Tuesday, April 5, 2016

Chapter 106 [part 2 of 2]

[What Arquisil asked of Amadis, and what this would mean.] 

[From an illustration of Cantiga 181 of the Cantigas de Santa Maria of King Alfonso X.]

And so it was that, when the valiant Amadis and many other great lords and brave knights were in King Perion’s tent, Arquisil was among them and still had not been told where he would be held prisoner. He stood up and told the King:

“My lord, may Your Grace hear me speak with Amadis of Gaul in the presence of these knights.”

The King told him he would gladly hear whatever he thought it good to say. Arquisil recounted everything that had happened in the battle that Sir Garadan and he and his other companions had fought against Amadis and the knights of the King of Bohemia, and how they were defeated and injured and Sir Garadan was killed, and how Amadis with his restraint saved him from the hands of those who with great desire and intention meant to kill him, and how at his plea and petition he was released and allowed to leave so he could give some aid to his companions who were very badly injured, leaving as a pledge his faith and word as his prisoner to come to him whenever he was summoned, as the third part of this story has told more extensively, and how now he was called by Amadis, and he had come as they all had seen to fulfill his word and be wherever he was ordered and directed to go.

But if Amadis, making use of generosity and great restraint and virtue, as was his custom for all those in need of his grace and aid, were to give him permission so that in that coming battle, so prominent in the world, he could serve his lord the Emperor as he ought, he would promise as a loyal and good knight before Amadis and all those present that if afterwards he were alive, he would go where he was ordered to fulfill his imprisonment.

Amadis, who at that time was also standing to give him honor, answered:

“Arquisil, my noble lord, if I were to pay heed to the arrogant and overblown words of your lord the Emperor, I would treat everyone connected with him with great rigor and cruelty without fearing that I would fall into excess. But ye are without fault, and the times have brought us to such a situation where every man’s virtue will be shown to us, so I hold it well that ye have come when ye were asked for, and I give you license to be in that battle, from which, if ye leave without danger, ye must be at this island within ten days to comply with what shall be ordered by myself or by others on my behalf.”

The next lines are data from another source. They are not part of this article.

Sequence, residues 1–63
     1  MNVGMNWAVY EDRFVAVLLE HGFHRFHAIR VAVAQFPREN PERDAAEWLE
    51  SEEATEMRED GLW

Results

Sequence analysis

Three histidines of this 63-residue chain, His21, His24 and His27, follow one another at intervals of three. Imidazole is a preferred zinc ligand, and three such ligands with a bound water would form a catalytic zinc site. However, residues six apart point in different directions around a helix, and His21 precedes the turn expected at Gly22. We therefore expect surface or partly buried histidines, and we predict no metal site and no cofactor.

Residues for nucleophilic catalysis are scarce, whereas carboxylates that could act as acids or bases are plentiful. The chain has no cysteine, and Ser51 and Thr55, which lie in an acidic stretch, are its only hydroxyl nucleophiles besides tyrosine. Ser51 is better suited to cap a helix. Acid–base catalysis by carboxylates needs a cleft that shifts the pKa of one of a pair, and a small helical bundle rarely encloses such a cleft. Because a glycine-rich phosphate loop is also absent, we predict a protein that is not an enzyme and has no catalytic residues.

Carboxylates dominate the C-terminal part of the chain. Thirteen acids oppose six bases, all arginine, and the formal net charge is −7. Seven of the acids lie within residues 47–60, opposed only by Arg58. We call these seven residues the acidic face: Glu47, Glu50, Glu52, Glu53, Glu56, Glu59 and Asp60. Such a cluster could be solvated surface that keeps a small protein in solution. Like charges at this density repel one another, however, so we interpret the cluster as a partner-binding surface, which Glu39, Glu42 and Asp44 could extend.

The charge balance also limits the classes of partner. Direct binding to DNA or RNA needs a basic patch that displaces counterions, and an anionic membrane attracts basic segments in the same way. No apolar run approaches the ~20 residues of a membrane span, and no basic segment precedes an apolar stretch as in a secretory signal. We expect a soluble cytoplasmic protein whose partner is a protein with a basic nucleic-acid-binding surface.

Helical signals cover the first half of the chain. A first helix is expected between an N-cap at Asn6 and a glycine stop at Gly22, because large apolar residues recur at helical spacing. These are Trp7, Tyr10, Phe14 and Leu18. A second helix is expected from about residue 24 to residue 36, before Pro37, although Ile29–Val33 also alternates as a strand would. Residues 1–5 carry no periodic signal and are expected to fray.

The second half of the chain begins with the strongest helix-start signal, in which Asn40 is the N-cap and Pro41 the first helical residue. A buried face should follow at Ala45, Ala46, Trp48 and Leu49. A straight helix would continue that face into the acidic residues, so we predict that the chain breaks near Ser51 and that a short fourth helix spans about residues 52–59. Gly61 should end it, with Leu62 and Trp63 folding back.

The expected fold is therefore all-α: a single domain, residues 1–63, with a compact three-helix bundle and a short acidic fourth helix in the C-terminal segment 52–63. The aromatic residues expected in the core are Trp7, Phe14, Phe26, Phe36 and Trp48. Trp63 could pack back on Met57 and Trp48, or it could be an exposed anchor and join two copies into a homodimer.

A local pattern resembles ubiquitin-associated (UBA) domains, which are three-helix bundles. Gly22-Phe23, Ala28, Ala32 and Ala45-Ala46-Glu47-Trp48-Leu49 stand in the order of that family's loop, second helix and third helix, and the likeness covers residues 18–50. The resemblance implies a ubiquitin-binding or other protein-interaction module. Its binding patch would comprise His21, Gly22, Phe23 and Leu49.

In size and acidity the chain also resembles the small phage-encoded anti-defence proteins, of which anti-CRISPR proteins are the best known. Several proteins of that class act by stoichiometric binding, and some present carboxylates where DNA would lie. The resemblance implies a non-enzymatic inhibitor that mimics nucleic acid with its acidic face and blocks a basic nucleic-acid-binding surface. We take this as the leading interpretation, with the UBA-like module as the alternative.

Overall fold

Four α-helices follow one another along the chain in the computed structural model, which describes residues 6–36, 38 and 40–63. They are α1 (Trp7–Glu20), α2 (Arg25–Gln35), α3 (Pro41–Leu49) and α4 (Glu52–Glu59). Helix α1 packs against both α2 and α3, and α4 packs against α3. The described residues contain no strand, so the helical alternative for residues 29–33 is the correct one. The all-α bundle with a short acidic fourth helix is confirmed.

Arquisil thanked him for that very much, and he promised to do so.

Some shall ask why so much has been made of a knight of so little renown in such a great story. I say the reason is this: because this man dealt with every confrontation that came to him with great courage, as further on ye shall hear, and because, due to his great lineage and noble condition, he came to be Emperor of Rome, and he always held Amadis, who was the main reason that he had reached such a great sovereignty, as a true brother, as at the appropriate time shall be told at greater length.

Then when those lords had left and gone to their tents and quarters, Arquisil put on his armor, mounted his horse, bid farewell to Amadis and all those who were with him, and he returned on the road on which he had come. And the story does not tell of anything happening to him except that he arrived at the Emperor’s army, where everyone was very pleased to see him again. And although they asked him about many things, he only wished to speak of the great courtesy that he had received from the very noble knight Amadis, of whom ye may well believe that his courtesy was such and so great that it would be hard to find the like in any knight at that time.

And I wish ye to know the reason why those knights took such long journeys without encountering adventure as in times past, and it was because they all thought of nothing else except to provide and prepare all things necessary for the battle, for it seemed to them, given the grandeur of that confrontation, to become involved in other quests that might interfere would result in infamy.